Remember that a FERS & CSRS Disability Retirement application must be filed within one (1) year of being separated from Federal Service.  For some odd reason, there is still some prevailing misconception that the 1-year Statute of Limitations begins from either (a) the date of the onset of an injury, (b) from the date one goes out on LWOP, Sick Leave, or some other administrative leave, or (c) from the date that one is no longer able to perform the essential elements of one’s job — or (d) some combination of the three previous dates.

Whether from confusion, misinformation from the Agency, misinterpretation of what information is “out there” or some combination of all three, the Statute of Limitations in filing a Federal Disability Retirement application under FERS or CSRS is one (1) year from the date that a Federal or Postal employee is separated from his or her agency, or from the Postal Service.  Inasmuch as a Federal Disability Retirement application under FERS or CSRs will often taken 6 – 8 months (minimum) to get a decision from the First Stage of the process, it is a good idea to get started earlier, rather than later.

Sincerely,

Robert R. McGill, Esquire

OPM Disability Retirement: The OWCP Black Hole

Many people rely upon the “generosity” of FECA (OWCP) payments during the period of temporary total disability, and indeed, being tax free and paying 75% of one’s salary (with dependents) or 66 2/3% without, one can easily become reliant upon such benefits. But being on OWCP does not protect the Federal or Postal Worker from being administratively separated from service for extended absences, or for one’s medical inability to perform the essential elements of one’s job, or “unavailability for duty” or other similar basis, to promote the efficiency of the Federal Service.  The agency needs someone to fill the position and do the job.

Normally, at a fairly early stage in one’s period of enduring and suffering from a medical condition or injury, one can assess the nature, extent and severity of the medical condition.  With that in mind, it is a good idea to begin thinking about filing for Federal Disability Retirement benefits under FERS or CSRS.  The security of OWCP benefits is attractive; however, OWCP is not a retirement address.  FECA will “cut off” the benefits at some point — unless you are somehow lost in the black hole of their payment roster, which happens periodically.  However, there are too many horror stories of a Federal employee who stayed on OWCP, was separated from Federal Service, never filed for Federal Disability Retirement benefits within 1 year of being separated, and then one day received a fateful phone call…

Sincerely,

Robert R. McGill, Esquire

OPM Disability Retirement: The 1-Year Rule

Periodically, I remind everyone of the various “1-year” rules which govern Federal Disability Retirement issues under FERS & CSRS.  Since there are multiple applications of the 1-year rule, there is often a confusion which is still prevalent and ongoing.  Thus, here are some clarifications:  You must file for Federal Disability Retirement benefits under FERS or CSRS either while in the employment of a Federal Agency or the U.S. Postal Service, or within 1-year of being separated from Federal Service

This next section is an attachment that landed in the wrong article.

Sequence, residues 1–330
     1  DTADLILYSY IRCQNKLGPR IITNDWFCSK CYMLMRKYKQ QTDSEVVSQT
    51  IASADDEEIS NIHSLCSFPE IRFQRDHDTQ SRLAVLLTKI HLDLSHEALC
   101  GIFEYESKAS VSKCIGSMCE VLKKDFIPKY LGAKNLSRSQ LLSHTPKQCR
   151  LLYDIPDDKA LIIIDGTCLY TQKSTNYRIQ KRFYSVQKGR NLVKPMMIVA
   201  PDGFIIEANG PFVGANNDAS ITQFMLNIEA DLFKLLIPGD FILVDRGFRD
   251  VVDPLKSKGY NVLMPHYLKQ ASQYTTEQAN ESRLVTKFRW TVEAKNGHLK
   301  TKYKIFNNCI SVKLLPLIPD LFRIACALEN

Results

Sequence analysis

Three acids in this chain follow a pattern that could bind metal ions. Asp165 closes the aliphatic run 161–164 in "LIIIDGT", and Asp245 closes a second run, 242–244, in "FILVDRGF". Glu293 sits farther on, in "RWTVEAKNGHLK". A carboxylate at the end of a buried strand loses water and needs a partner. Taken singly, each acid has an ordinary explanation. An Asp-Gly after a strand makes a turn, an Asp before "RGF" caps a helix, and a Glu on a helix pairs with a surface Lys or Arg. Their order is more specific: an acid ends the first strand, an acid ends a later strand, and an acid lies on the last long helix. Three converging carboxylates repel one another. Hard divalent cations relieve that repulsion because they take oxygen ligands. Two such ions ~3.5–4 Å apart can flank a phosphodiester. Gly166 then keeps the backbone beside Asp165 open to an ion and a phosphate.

There are a couple of exceptions to this 1-year rule:  If you are found to be incompetent, you may be able to get a waiver from the Office of Personnel Management, but this is extremely rare and difficult to obtain.  Another exception, however, is found in the U.S. Court of Appeals case of Johnston v. OPM, where the Court found that if a person was removed for apparent medical reasons, but was never notified by the Agency, then the 1-year rule may be waived (this often happens to Federal and Postal employees who have been on OWCP for many years, and are forgotten and never informed of an initiation of an SF 50 separating him or her from Federal or Postal Service). 

The 1-year rule should not be confused with:  One’s medical condition needs to last for a minimum of 1 year (but this does not mean that you need to wait a year before filing for Federal Disability Retirement benefits; rather, it merely means that your doctor expects that your medical condition will last for a minimum of 12 months).  I hope that this clarfies any confusions, and further, that it serves as a reminder to anyone who is contemplating filing for Federal Disability Retirement benefits under FERS or CSRS.

Sincerely,

Robert R. McGill, Attorney

Federal and Postal Service Disability Retirement: Termination

Termination by a Federal Agency or the Postal Service can be a trying time, even if it has been a long time in expectancy.  The key is to try and begin negotiating with the agency even before the Notice of proposed termination is issued.  During that period when you know that the Agency is considering filing a Notice of Proposed Termination, is precisely the window of opportunity to try and convince & persuade the agency that the underlying basis of any proposed termination is and should be based upon your medical inability to perform one or more of the essential elements of your job.  This would be done through various means:  submission of medical documentation to your supervisor, agency & Human Resources personnel; addressing key points concerning conduct or performance with medical evidence showing a direct and causal correlation between such conduct or performance with the medical evidence, etc.  If, on the other hand, a Notice of Proposed Termination is issued but one which is not based upon one’s medical condition, that does not mean that the window of opportunity has been lost — it just may mean that the strategy and tactic to try and persuade the Agency to amend the proposed termination may have to be adapted.  The key to all of this is to make sure and aggressively attack, rebut, and answer, at all stages of any proposed termination, in order to gain an advantage for one’s medical disability retirement.

Sincerely,

Robert R. McGill, Esquire